Ebola virus disease (EVD), commonly known as Ebola, is a severe, often fatal illness in humans caused by the Ebola virus. The disease, characterized by sudden onset of fever, intense weakness, muscle pain, headache, and sore throat, is followed by vomiting, diarrhea, rash, and, in many cases, internal and external bleeding. The mortality rate for Ebola can be exceedingly high, with some outbreaks reporting case fatality rates of up to 90%.

The Ebola virus is a member of the Filoviridae family, which also includes the Marburg virus. Ebola viruses are filamentous virions that appear as long, thread-like structures. They are zoonotic pathogens, meaning they are transmitted to humans from animals, but they can also spread between humans through direct contact with infected bodily fluids.

History and Discovery of Ebola

The Ebola virus was first identified in 1976 during two simultaneous outbreaks in Nzara, Sudan, and Yambuku, Democratic Republic of the Congo (then Zaire). The latter occurred near the Ebola River, from which the disease takes its name. These initial outbreaks had high mortality rates and caused significant fear and disruption.

Since its discovery, the Ebola virus has been the cause of numerous outbreaks, primarily in Central and West Africa. The most significant outbreak occurred between 2014 and 2016 in West Africa, affecting Guinea, Liberia, and Sierra Leone, and resulting in more than 28,000 cases and 11,000 deaths.

The Ebola Virus and Its Strains

Ebola virus is classified into five distinct species, four of which are known to cause disease in humans. Each species is associated with different levels of virulence and epidemiological characteristics:

  1. Zaire ebolavirus (EBOV)
  2. Sudan ebolavirus (SUDV)
  3. Taï Forest ebolavirus (TAFV)
  4. Bundibugyo ebolavirus (BDBV)
  5. Reston ebolavirus (RESTV)

1. Zaire ebolavirus (EBOV)

Zaire ebolavirus (EBOV) is the most virulent and deadly of the Ebola virus species, with case fatality rates ranging from 60% to 90% in past outbreaks. It was the species responsible for the first recognized Ebola outbreak in 1976 in the Democratic Republic of the Congo (DRC).

  • Geographical Distribution: EBOV outbreaks have primarily occurred in the DRC, Republic of Congo, and Gabon.
  • Epidemiological Features: EBOV is highly transmissible and causes severe disease in humans. It has been responsible for some of the largest and deadliest Ebola outbreaks, including the West African outbreak of 2014-2016, which was unprecedented in its scale and impact.
  • Pathogenicity: EBOV targets various cell types, including endothelial cells, hepatocytes, and immune cells. It causes a severe inflammatory response, leading to widespread tissue damage, vascular leakage, and multi-organ failure.

2. Sudan ebolavirus (SUDV)

Sudan ebolavirus (SUDV) was also discovered in 1976 during an outbreak in Sudan. SUDV has caused several outbreaks with varying case fatality rates, typically between 40% and 60%.

  • Geographical Distribution: SUDV outbreaks have occurred in Sudan and Uganda.
  • Epidemiological Features: SUDV is less virulent than EBOV but still causes significant morbidity and mortality. It has been responsible for multiple outbreaks, including notable ones in Gulu, Uganda, in 2000 and 2012.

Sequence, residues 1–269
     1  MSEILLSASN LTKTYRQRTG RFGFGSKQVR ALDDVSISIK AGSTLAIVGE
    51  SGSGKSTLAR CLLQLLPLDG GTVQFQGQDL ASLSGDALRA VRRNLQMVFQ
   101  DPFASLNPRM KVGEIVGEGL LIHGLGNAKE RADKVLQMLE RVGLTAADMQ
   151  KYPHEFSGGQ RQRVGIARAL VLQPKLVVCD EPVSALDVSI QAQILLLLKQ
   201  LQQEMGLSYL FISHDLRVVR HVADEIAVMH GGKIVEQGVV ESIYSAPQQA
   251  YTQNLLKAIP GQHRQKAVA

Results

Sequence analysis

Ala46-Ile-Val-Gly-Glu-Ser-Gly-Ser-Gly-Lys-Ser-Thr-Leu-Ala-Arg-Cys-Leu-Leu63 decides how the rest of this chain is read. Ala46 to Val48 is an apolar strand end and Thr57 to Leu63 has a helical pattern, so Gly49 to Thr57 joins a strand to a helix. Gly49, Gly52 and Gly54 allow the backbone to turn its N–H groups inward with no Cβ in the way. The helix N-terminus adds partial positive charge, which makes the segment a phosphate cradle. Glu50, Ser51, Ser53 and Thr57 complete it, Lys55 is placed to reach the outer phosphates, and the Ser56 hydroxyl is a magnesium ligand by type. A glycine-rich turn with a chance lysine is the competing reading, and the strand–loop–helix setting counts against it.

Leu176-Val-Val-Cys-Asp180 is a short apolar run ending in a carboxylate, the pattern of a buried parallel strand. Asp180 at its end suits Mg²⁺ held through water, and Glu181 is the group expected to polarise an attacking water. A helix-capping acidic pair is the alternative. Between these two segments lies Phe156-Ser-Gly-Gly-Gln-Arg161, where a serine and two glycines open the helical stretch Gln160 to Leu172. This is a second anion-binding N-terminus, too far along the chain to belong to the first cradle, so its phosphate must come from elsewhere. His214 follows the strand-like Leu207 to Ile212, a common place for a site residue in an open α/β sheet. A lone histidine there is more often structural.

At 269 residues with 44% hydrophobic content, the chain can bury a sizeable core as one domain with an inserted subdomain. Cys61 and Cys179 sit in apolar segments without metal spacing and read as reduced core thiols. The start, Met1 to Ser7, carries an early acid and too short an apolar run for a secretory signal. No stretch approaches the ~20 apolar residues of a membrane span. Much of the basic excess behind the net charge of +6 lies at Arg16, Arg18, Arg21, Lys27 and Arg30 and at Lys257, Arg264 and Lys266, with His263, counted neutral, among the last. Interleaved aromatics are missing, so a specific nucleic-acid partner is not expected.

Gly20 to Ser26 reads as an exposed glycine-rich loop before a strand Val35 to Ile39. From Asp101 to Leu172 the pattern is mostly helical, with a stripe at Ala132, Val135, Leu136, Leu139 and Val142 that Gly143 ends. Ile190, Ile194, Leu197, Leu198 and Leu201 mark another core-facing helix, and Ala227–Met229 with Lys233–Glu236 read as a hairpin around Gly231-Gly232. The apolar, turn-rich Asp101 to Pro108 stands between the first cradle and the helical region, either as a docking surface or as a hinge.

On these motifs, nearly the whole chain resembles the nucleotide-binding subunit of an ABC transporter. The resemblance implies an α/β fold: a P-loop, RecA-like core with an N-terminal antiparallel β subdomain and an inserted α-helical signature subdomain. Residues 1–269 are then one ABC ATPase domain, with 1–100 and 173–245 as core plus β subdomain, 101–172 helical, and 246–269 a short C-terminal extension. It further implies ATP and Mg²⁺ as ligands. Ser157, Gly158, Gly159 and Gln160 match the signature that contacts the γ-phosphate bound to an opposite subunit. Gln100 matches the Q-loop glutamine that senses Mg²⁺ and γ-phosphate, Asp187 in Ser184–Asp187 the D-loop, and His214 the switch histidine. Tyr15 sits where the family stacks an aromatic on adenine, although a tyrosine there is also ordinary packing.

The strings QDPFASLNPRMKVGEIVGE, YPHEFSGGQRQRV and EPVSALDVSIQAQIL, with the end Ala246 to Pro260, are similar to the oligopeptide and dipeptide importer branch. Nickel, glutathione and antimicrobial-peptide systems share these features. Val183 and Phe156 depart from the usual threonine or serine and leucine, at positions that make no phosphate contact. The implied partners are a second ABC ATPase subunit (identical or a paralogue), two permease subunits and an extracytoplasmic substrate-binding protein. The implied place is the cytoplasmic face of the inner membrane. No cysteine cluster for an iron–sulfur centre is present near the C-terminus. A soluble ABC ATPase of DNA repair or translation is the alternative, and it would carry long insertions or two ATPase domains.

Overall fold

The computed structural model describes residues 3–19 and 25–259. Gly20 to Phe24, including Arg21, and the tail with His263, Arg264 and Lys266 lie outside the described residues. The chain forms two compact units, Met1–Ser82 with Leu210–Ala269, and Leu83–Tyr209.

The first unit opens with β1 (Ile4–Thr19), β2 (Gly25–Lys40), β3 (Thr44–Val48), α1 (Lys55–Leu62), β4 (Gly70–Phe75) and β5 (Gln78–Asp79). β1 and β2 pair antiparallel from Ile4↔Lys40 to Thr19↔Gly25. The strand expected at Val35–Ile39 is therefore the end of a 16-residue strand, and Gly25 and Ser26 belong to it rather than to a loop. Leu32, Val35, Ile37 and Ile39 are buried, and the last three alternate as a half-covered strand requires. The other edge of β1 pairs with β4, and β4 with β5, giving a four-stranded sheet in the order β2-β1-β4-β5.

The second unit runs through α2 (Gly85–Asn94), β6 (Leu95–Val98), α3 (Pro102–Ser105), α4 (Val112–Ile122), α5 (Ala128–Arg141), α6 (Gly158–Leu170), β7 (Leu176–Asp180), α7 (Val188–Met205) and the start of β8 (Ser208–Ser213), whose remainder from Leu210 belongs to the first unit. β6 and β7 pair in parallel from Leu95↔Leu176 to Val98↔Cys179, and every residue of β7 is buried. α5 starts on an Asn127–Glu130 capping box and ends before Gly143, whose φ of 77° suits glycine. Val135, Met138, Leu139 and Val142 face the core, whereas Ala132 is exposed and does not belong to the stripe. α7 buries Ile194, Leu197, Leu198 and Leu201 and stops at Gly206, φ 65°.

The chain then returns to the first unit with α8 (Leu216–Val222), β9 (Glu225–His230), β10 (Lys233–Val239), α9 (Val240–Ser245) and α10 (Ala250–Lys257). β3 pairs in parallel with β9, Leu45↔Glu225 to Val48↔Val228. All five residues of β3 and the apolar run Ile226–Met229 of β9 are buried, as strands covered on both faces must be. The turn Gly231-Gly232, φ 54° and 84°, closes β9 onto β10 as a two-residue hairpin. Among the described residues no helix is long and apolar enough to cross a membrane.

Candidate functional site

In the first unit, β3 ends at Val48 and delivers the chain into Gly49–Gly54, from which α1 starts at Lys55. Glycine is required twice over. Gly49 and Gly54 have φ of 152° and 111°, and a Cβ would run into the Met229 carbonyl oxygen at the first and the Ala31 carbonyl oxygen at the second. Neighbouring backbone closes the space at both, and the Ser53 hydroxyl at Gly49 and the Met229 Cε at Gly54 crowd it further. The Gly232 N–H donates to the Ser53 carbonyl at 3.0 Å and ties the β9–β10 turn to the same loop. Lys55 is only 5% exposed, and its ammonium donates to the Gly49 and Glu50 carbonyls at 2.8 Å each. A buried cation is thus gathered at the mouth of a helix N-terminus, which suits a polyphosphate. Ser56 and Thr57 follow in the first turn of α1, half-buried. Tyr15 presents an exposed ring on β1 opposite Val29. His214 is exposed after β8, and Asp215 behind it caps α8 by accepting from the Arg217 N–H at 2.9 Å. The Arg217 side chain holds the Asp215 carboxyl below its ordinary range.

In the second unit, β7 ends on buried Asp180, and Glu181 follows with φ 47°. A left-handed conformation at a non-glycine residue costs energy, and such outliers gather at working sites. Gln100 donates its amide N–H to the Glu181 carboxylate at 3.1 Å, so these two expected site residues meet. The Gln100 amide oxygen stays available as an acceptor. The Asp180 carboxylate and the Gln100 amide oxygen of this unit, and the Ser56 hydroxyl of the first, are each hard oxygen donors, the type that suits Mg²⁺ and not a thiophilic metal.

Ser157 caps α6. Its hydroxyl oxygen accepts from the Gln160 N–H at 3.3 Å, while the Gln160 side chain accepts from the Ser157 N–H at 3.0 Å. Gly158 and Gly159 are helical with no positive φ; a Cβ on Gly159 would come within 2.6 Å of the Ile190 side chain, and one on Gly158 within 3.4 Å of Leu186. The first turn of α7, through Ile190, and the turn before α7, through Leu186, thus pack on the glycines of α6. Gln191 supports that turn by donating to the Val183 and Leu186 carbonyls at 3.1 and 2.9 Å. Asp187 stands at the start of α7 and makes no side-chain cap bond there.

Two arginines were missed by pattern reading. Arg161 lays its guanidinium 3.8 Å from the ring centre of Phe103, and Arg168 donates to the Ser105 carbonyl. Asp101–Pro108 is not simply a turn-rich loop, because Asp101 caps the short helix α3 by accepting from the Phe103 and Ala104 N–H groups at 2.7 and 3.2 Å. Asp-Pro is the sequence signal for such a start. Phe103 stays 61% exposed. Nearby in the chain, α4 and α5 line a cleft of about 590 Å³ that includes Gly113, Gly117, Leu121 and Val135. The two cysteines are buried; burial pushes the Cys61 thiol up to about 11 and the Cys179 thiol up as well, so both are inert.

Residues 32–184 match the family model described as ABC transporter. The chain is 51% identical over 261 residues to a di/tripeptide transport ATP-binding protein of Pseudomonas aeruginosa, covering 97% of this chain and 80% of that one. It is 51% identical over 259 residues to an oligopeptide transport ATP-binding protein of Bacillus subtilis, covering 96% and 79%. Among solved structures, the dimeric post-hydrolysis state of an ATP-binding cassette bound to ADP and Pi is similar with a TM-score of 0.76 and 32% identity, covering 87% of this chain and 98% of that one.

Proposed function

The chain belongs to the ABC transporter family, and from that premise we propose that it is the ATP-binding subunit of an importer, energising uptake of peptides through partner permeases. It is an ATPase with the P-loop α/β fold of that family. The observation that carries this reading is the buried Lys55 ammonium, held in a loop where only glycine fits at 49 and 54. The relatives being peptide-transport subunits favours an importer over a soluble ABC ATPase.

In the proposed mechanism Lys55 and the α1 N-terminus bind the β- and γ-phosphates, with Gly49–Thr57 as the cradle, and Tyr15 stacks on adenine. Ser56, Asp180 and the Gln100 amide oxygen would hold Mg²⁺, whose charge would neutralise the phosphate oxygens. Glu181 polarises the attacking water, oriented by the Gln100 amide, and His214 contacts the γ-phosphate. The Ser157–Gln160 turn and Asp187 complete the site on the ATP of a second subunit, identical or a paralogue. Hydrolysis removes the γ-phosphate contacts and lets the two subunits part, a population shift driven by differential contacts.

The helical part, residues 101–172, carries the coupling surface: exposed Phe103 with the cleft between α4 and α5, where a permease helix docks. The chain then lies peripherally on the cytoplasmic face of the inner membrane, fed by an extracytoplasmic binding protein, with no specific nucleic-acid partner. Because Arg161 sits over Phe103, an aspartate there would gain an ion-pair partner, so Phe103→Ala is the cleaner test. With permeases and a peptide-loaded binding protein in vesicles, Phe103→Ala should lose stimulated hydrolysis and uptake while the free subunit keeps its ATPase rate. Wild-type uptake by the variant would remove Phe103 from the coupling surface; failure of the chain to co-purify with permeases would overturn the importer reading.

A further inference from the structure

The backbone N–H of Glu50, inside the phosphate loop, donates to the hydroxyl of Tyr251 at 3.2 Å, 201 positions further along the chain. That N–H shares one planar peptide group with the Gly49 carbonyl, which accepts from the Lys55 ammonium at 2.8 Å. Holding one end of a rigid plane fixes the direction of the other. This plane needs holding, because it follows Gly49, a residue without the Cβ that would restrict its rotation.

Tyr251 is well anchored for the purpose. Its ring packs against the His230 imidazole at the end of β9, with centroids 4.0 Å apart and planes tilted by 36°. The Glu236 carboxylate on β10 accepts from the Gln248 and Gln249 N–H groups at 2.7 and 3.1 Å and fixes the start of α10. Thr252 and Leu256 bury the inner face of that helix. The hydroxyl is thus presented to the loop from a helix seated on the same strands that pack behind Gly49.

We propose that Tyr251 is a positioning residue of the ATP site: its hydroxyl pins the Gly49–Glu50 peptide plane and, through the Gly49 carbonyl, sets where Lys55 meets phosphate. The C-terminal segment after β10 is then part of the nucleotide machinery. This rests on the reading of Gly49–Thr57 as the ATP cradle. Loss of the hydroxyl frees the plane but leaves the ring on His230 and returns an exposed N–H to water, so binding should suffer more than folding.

• Pathogenicity: Similar to EBOV, SUDV infects a variety of cell types and causes a severe inflammatory response. The pathogenesis involves extensive tissue damage and immune system dysregulation.

3. Taï Forest ebolavirus (TAFV)

Taï Forest ebolavirus (TAFV), previously known as Côte d’Ivoire ebolavirus, was first identified in 1994 when a researcher became infected while performing an autopsy on a chimpanzee in the Taï Forest, Côte d’Ivoire.

  • Geographical Distribution: TAFV has only been identified in Côte d’Ivoire.
  • Epidemiological Features: TAFV is the least studied of the Ebola virus species, with only one confirmed human case to date. The infected researcher survived, suggesting a potentially lower virulence compared to other species.
  • Pathogenicity: Due to the limited number of cases, less is known about TAFV’s pathogenicity. However, it is presumed to have similar mechanisms of infection and disease progression as other Ebola virus species.

4. Bundibugyo ebolavirus (BDBV)

Bundibugyo ebolavirus (BDBV) was discovered in 2007 during an outbreak in the Bundibugyo District of Uganda. BDBV has caused outbreaks with case fatality rates around 25% to 40%.

  • Geographical Distribution: BDBV outbreaks have occurred in Uganda and the Democratic Republic of the Congo.
  • Epidemiological Features: BDBV is less virulent than EBOV and SUDV but still causes significant disease. The discovery of BDBV highlighted the genetic diversity of Ebola viruses and the potential for new species to emerge.
  • Pathogenicity: BDBV causes similar symptoms and disease progression as other Ebola viruses. The pathogenesis involves immune system evasion and triggering of an inflammatory response.

5. Reston ebolavirus (RESTV)

Reston ebolavirus (RESTV) is unique among Ebola viruses as it does not cause disease in humans. RESTV was first identified in 1989 during an outbreak in Reston, Virginia, USA, among monkeys imported from the Philippines.

  • Geographical Distribution: RESTV has been identified in the Philippines, China, and the United States.
  • Epidemiological Features: RESTV primarily infects non-human primates and pigs. While it can infect humans, it does not cause symptomatic disease. The discovery of RESTV raised concerns about the potential for zoonotic transmission.